Abstract: TH-PO841

Epimorphin Expression in the Repair Process of Experimental Peritoneal Fibrosis in Mice

Session Information

  • Peritoneal Dialysis - I
    November 02, 2017 | Location: Hall H, Morial Convention Center
    Abstract Time: 10:00 AM - 10:00 AM

Category: Dialysis

  • 608 Peritoneal Dialysis

Authors

  • Yamada, Muneharu, Tokyo Medical University Hachioji Medical Center, Tokyo, Japan
  • Oda, Takashi, Tokyo Medical University Hachioji Medical Center, Tokyo, Japan
  • Komatsu, Shuuhei, Tokyo Medical University Hachioji Medical Center, Tokyo, Japan
  • Kojima, Aki, Tokyo Medical University Hachioji Medical Center, Tokyo, Japan
  • Oshima, Taito, Tokyo Medical University Hachioji Medical Center, Tokyo, Japan
  • Hirose, Go, Tokyo Medical University Hachioji Medical Center, Tokyo, Japan
  • Kojima, Tadasu, Tokyo Medical University Hachioji Medical Center, Tokyo, Japan
  • Sugisaki, Kentaro, Hachioji Medical Center, Tokyo, Japan
  • Tomiyasu, Tomohiro, Tokyo Medical University Hachioji Medical Center, Tokyo, Japan
  • Yoshikawa, Noriko, Tokyo Medical University Hachioji Medical Center, Tokyo, Japan
Background

Epimorphin is a mesenchymal cell surface-associated protein that is essential for epithelial morphogenesis in embryonic organs. However, recent studies indicate important roles of epimorphin in the repair process from pathologic organ damages, such as pulmonary fibrosis and liver injury. We previously reported that epimorphin was involved in the repair of fibrosis in UUO release mice (Lab Invest 2010). In the previous Meeting, we presented the increased epimorphin expressions in the submethothelial area corresponding to the fibrotic area in mice model of peritoneal fibrosis. In the present study, we evaluated the expression of epimorphin in the repair of peritoneal fibrosis.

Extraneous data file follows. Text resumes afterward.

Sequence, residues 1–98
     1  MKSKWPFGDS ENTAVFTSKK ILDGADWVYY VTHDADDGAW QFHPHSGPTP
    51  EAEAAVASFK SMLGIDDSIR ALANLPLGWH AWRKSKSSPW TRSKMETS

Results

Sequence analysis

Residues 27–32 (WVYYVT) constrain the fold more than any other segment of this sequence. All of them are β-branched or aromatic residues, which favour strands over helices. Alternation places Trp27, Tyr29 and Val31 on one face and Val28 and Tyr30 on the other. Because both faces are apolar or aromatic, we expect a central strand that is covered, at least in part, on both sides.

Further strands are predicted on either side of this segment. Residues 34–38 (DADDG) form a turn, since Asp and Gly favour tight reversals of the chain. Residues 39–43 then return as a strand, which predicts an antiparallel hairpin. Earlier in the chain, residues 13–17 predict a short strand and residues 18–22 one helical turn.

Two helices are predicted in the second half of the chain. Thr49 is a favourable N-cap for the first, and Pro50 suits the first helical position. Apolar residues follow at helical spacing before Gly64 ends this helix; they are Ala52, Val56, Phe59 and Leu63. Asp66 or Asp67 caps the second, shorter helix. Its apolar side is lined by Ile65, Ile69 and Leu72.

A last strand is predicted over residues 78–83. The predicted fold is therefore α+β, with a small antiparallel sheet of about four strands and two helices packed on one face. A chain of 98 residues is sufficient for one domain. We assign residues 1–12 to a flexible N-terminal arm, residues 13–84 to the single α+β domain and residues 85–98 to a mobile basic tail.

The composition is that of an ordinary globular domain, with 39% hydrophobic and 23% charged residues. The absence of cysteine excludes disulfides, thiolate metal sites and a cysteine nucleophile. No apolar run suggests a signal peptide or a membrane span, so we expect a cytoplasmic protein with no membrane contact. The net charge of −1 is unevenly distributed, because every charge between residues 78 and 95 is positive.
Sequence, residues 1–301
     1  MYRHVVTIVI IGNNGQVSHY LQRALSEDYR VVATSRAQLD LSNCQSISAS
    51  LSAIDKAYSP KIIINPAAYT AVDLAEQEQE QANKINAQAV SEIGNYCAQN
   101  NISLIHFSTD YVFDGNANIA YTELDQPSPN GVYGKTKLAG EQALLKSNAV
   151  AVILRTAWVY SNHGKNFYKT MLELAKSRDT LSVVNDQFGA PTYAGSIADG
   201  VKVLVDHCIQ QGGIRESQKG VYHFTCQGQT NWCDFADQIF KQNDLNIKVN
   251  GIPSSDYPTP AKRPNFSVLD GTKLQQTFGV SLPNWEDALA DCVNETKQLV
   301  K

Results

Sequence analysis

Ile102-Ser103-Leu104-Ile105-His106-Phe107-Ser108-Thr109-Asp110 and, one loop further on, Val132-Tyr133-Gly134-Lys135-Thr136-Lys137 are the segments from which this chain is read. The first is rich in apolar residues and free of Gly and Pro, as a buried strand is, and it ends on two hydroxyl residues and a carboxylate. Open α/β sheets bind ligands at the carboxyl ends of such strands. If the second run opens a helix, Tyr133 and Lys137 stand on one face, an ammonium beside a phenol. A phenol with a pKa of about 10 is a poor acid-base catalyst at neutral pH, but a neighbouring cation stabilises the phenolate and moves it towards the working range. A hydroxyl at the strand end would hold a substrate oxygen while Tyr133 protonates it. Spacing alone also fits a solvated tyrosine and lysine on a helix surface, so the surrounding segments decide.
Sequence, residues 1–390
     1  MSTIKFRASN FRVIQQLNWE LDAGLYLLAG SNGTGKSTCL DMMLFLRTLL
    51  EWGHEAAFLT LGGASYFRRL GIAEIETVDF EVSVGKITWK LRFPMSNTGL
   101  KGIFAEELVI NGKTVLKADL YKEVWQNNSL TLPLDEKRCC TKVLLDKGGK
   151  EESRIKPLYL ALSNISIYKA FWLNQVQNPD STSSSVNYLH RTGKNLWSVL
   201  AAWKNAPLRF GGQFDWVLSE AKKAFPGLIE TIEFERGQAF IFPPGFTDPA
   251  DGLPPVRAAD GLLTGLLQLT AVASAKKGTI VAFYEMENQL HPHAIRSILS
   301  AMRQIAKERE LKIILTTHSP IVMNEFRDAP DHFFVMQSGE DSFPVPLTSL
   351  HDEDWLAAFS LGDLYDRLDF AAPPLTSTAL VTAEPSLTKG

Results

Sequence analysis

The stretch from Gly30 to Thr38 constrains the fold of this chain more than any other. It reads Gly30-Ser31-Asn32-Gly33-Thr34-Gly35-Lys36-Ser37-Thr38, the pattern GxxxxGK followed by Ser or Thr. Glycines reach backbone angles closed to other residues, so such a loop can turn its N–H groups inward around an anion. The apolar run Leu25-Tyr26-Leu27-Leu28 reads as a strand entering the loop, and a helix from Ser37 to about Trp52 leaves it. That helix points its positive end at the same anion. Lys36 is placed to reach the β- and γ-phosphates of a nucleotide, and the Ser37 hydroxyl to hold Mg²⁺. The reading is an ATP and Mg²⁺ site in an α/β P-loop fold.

Methods

Peritoneal fibrosis was induced by the injection of 0.1% chlorhexidine gluconate in 15% ethanol and 85% normal saline (CG-injected mice) into peritoneal cavity of 10 week-old male C57/Bl6 mice every other day for three weeks. As the repair phase of peritoneal fibrosis mice model, we used peritoneal tissues of the CG-injected mice which were harvested at 1,2,3,7 and 14 days after the last CG injection. Morphologic peritoneal changes were assessed by Masson’s Trichrome staining. Epimorphin expressions were assessed by immunohistochemically and real-time RT-PCR.

Results

In the repair of CG-injected mice, the thickening of the submesothelial compact zone was decreased over time in Masson’s trichrome staining. However epimorphin expression was increased at 2 days rather than at 1 day after the last CG injection, and significantly decreased at 3, 7 and 14 days compared to 2days after the last CG injection by real-time RT-PCR.

Conclusion

These findings suggest that epimorphin may have important role in the repair of peritoneal fibrosis similar to that of UUO release model in mice as reported previously.